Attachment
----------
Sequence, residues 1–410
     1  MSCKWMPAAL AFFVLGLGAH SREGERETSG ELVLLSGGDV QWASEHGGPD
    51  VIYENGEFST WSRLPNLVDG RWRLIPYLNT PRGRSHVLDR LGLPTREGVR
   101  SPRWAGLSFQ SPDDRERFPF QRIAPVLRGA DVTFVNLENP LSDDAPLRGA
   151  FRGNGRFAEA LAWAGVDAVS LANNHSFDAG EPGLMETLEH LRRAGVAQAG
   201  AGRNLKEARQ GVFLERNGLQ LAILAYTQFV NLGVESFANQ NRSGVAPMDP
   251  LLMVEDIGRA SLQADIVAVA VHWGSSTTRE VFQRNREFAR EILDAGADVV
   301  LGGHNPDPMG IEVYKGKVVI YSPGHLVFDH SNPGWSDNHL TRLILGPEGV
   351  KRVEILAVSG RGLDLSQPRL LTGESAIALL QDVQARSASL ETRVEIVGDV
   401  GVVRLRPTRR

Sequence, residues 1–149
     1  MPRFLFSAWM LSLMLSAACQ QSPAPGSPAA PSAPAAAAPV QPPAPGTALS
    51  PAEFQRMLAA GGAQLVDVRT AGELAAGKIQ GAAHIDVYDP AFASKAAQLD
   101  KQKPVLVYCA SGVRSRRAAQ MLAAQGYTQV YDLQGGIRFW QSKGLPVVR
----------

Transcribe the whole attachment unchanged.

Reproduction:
Sequence, residues 1–410
     1  MSCKWMPAAL AFFVLGLGAH SREGERETSG ELVLLSGGDV QWASEHGGPD
    51  VIYENGEFST WSRLPNLVDG RWRLIPYLNT PRGRSHVLDR LGLPTREGVR
   101  SPRWAGLSFQ SPDDRERFPF QRIAPVLRGA DVTFVNLENP LSDDAPLRGA
   151  FRGNGRFAEA LAWAGVDAVS LANNHSFDAG EPGLMETLEH LRRAGVAQAG
   201  AGRNLKEARQ GVFLERNGLQ LAILAYTQFV NLGVESFANQ NRSGVAPMDP
   251  LLMVEDIGRA SLQADIVAVA VHWGSSTTRE VFQRNREFAR EILDAGADVV
   301  LGGHNPDPMG IEVYKGKVVI YSPGHLVFDH SNPGWSDNHL TRLILGPEGV
   351  KRVEILAVSG RGLDLSQPRL LTGESAIALL QDVQARSASL ETRVEIVGDV
   401  GVVRLRPTRR

Sequence, residues 1–149
     1  MPRFLFSAWM LSLMLSAACQ QSPAPGSPAA PSAPAAAAPV QPPAPGTALS
    51  PAEFQRMLAA GGAQLVDVRT AGELAAGKIQ GAAHIDVYDP AFASKAAQLD
   101  KQKPVLVYCA SGVRSRRAAQ MLAAQGYTQV YDLQGGIRFW QSKGLPVVR